In addition to the flurry of research relating to tyre pyrolysis published at the end of 2020 and the start of this year, in February it emerged that another related study has been released. In his master’s thesis for Tampere University, Mikko Sirén explored the best technologies for turning scrap tyres into secondary raw material and value-added products. The research project started in May 2020 as an initiative of Black Donuts, the turn-key tyre industry consultants, who desired up-to-date research of the recycling of discarded tyres as part of their circular economy initiatives.
Here’s how a highly intensive manufacturer of insulation and related building products with a presence in 33 countries in Europe, North America and Asia has been on a journey towards the circular economy for over 20 years, and knows it still has far to go. Owens Corning’s website defines sustainability as being about meeting the needs of the present while leaving the world a better place for the future. It claims that sustainability is at “the heart of our business, from the products we make to the way we make them”. It declares that it “considers the future in the decisions we make today…working to expand our handprint while we reduce our footprint”. Its 2030 goals are “to be a net-positive company, one where the positive impacts of our people and products (our handprint) exceeds the negative impacts of our operations (our footprint)”.
Seco Tools is uniquely placed to make a strong contribution to the circular economy, which prioritizes separating economic activity from the consumption of finite resources and designing ways to remove waste from our system of economic activity. Though it is by no means the only aspect, recycling plays a vital role in the circular economy by asking us to look at how we use the earth’s scarce and finite resources, and what can be done to ensure that we extract maximum value and usage from them. Recycling will play a key role in reaching Seco Tools ambitious goal of being 90% circular by the year 2030, with a number of broad changes to processes and business models leading the way. “It’s a challenging target, but we see this as very important for our company and our business,” says Ted Forslund, Sustainability & Audit Coordinator at Seco Tools. “What is good for Seco Tools is that we already have very good recycling processes, so now it’s about creating a good partnership with our clients so that they understand the value of us buying back tools, so that it becomes a closed circle where nothing goes to waste.”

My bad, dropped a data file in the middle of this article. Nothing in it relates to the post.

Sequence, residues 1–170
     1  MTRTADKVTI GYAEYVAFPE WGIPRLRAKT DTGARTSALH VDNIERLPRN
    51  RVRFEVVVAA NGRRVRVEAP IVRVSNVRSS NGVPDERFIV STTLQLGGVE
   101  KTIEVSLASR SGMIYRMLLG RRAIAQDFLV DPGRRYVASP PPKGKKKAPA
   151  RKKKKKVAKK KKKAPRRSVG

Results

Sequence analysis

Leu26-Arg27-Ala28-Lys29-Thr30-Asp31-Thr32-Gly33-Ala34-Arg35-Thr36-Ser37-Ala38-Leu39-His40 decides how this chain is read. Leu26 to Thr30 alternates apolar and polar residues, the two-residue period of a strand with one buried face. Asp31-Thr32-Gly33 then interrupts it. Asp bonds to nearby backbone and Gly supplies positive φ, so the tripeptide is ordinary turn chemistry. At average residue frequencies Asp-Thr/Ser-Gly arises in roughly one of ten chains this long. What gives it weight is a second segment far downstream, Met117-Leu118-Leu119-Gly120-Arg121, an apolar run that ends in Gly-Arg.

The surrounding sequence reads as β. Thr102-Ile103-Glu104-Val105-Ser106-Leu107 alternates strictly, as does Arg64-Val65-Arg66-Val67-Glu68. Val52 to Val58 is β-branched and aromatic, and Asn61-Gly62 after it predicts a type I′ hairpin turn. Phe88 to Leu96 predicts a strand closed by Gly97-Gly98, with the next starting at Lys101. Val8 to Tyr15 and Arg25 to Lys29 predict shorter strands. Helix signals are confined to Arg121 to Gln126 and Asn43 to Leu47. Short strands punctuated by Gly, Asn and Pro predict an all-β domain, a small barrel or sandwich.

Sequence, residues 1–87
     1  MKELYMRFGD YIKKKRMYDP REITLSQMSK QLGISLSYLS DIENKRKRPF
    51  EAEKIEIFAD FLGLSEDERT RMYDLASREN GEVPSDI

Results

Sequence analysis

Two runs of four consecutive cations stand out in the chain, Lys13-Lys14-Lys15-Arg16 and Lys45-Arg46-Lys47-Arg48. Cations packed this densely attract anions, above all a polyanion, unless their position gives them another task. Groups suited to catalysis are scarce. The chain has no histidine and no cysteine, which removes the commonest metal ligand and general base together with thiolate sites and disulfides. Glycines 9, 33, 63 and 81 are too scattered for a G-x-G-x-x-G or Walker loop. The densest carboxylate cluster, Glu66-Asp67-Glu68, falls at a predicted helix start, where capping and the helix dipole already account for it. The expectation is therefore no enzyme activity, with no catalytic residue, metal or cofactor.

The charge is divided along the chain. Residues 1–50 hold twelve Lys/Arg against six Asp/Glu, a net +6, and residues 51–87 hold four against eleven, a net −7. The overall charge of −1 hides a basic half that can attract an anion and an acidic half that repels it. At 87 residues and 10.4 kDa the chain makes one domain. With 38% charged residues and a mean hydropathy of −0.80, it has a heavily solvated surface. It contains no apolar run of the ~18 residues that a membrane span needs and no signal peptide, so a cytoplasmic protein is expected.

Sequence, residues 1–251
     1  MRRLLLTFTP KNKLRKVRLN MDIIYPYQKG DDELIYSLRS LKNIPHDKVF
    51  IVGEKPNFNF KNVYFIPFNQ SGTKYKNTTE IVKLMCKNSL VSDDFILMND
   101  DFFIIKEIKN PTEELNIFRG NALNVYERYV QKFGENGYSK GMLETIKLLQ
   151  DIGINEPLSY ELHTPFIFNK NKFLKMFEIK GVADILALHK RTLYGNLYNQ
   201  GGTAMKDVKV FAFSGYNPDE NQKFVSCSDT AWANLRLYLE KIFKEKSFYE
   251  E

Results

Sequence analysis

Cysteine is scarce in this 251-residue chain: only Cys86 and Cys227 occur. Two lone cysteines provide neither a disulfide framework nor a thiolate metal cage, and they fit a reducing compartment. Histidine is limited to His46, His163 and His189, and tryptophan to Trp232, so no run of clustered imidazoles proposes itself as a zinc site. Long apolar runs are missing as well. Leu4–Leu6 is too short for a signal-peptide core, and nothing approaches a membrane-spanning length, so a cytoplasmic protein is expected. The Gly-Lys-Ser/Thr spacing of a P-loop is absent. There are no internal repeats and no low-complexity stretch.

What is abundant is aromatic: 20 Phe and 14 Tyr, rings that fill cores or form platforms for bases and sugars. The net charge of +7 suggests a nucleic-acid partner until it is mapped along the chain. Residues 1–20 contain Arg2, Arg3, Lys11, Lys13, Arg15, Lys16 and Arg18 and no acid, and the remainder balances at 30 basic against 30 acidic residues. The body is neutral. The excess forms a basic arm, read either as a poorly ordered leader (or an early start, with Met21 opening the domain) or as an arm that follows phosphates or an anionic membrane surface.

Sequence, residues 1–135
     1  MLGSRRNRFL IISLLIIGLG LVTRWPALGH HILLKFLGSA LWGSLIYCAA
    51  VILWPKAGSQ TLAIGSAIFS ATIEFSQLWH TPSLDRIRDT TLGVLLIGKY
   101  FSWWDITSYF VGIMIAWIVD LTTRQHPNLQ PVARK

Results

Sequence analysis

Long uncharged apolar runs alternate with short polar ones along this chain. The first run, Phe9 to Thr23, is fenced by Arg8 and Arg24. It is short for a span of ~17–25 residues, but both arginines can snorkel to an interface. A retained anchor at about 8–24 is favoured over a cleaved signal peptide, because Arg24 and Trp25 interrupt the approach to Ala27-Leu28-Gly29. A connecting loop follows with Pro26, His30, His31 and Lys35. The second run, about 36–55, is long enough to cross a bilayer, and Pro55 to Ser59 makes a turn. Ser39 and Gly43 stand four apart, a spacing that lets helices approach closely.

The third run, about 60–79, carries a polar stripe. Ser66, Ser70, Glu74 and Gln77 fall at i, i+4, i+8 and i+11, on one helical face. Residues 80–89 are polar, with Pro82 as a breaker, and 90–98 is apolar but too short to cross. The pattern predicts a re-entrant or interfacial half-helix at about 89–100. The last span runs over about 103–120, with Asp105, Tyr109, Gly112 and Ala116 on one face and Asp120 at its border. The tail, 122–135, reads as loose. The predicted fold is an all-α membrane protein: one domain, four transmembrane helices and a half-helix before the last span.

A grassroots glass recycling program has sprung up at Crabtree Brewing in Greeley, Colorado, thanks to a little ingenuity, a little bit of recycling education, and a long friendship between a craft brewer and a glassmaker.
Think about how many different pieces of technology the average household has purchased in the last decade. Phones, TVs, computers, tablets, and game consoles don’t last forever, and repairing them is difficult and often as expensive as simply buying a replacement. Electronics are integral to modern society, but electronic waste (e-waste) presents a complex and growing challenge in the path toward a circular economy—a more sustainable economic system that focuses on recycling materials and minimizing waste. Adding to the global waste challenge is the prevalence of dishonest recycling practices by companies who claim to be recycling electronics but actually dispose of them by other means, such as in landfills or shipping the waste to other countries.